Forming this list was still extremely hard as Bioware really upped the ante in terms of likable characters. Even in ambient dialogue! And with three new hubs/cities to explore, finding out more about the races in and of themselves was so interesting. Now I’m digressing (and this could go on for ages) so I’ll just start the list. Disagree? Remember someone I might have forgotten? Leave me a comment and we’ll chat. Oh, will we chat.
I don’t know if you know, but there’s a little game that just came out called Mass Effect 3. Maybe you’ve heard of it? Whether you’re one of those people that loath the ending or take out the RP elements entirely, I think one thing that everyone can agree on is that Bioware can make some damn good characters. The fact that they can keep an audience on for a trilogy of somewhat complex sci-fi space warfare games with said audience growing with each installment proves that (it sure as hell isn’t because of EA trying to make it a CoD rip-off). Unfortunately, despite my burning passion for this game I can’t play my shiny collector’s edition until July. So, I’m stuck here reminiscing about the past until I can recruit Garrus—I mean, until I can save the universe from the reapers.
Upon looking back, I’m surprised at just how many characters manage to stick in my mind, even when they’re not all that terribly important to the main plot. So, that’s what this article is: a celebration of the unsung characters of Mass Effect. As the title states, this is a list purely for the side characters. Not secondary characters. The way I differentiated between the two is as follows: if they are involved in the main quest in any way what-so-ever, then they can’t be on the list. This means no Captain Kirrahe. No Gianna Parasini. And no Lorik Qui’in or Nhilis, the two of which are my favorite characters in Mass Effect so that was rather painful to say. No, readers, we’re digging down deep and picking out the hidden treasures of this first installment. This is entirely my opinion, so if you totally disagree with me or have someone you think I should have put instead, drop us a line in the comments.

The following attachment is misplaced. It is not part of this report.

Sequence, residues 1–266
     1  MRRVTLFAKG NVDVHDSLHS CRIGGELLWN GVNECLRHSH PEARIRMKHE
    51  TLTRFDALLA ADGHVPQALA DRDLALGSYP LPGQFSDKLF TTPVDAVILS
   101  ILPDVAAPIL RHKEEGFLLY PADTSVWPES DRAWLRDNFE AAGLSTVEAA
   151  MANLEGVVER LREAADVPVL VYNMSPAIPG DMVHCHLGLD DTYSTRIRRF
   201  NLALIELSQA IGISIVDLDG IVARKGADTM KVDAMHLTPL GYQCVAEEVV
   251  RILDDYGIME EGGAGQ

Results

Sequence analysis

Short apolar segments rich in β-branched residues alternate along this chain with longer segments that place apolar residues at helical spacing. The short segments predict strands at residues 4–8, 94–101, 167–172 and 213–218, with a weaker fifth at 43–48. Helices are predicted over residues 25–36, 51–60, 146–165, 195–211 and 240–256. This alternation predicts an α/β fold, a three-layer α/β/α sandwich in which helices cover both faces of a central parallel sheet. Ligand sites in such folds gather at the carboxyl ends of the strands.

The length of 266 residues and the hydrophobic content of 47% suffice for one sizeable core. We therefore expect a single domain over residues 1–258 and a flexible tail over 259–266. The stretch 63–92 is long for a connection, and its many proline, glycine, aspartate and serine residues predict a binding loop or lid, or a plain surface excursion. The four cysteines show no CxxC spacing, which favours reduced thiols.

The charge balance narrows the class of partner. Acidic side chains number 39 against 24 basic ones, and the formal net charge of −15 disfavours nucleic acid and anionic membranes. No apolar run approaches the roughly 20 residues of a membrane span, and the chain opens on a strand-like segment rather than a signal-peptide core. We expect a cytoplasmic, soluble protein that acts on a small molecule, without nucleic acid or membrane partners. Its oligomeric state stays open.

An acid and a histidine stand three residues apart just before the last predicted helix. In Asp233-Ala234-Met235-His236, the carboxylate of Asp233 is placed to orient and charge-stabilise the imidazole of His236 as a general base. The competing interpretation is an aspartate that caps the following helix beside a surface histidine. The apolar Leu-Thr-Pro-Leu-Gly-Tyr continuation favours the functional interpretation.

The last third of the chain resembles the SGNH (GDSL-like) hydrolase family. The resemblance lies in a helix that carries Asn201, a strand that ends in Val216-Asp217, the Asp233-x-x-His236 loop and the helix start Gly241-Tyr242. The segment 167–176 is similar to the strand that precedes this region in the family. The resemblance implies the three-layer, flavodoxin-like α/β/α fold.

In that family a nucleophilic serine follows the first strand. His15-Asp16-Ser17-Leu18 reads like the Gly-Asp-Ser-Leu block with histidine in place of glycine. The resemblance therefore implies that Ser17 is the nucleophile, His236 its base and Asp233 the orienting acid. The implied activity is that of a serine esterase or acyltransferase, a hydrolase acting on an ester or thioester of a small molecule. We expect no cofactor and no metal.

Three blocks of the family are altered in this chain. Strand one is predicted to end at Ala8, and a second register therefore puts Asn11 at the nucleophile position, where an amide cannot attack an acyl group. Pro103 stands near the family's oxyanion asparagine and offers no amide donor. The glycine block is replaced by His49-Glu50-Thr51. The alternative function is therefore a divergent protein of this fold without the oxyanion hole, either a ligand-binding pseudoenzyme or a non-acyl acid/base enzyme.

So, without further ado, let’s begin the top five side-characters of Mass Effect. Why top five? Because I had to cut myself off somewhere.
First off, I want to give an honorable mention to the Elcors of this game. None of them made the list, unfortunately, but these adorable, monotone mammoth-like aliens always have something to add to a conversation. They may not hold a seat on the counsel, but they hold a special place in my heart. Keep on truckin’, big guys.
5: That Hanar Preacher in the Presidium
Ha! Bet you thought you’d never see this guy again! I told you I was picking out
side-characters and damn it, you can’t get much more ‘side’ than this space jellyfish. He shows up at the very beginning of the game right outside the exit of the ward access in an offshoot mission that you don’t even have to do. He’s causing a problem for one of the C-Sec [Citadel Security. See: Police] officers because he doesn’t have a permit to be preaching. Now, he’s probably been there for a while, being ridiculed by the other passerby’s on the Citadel and has most certainly been kept a sharp eye on by the officer, but he keeps on with what he’s doing. Whether your Shepard allowed him to stay there and preach or sent him on his merry way, there’s something to be said for that Hanar’s perseverance.
If you remember anything about Flux, you remember this Volus’ voice wafting through the air with one thing on his mind: “We have some Quasar machines in the back, if you’re interested.” Although this self-proclaimed jack-of-all-trades seems only interested in getting Shepard to gamble their money away, he’s actually very considerate of his customers and employees alike. The first quest in which you meet him, he’s helping you find one of his past employees, a girl named Jenna. She’s taken up a job at another club, the sketchier Chora’s Den, and although he’s not overtly anxious he still worries about her well being (of course, it probably helps that she was his best employee).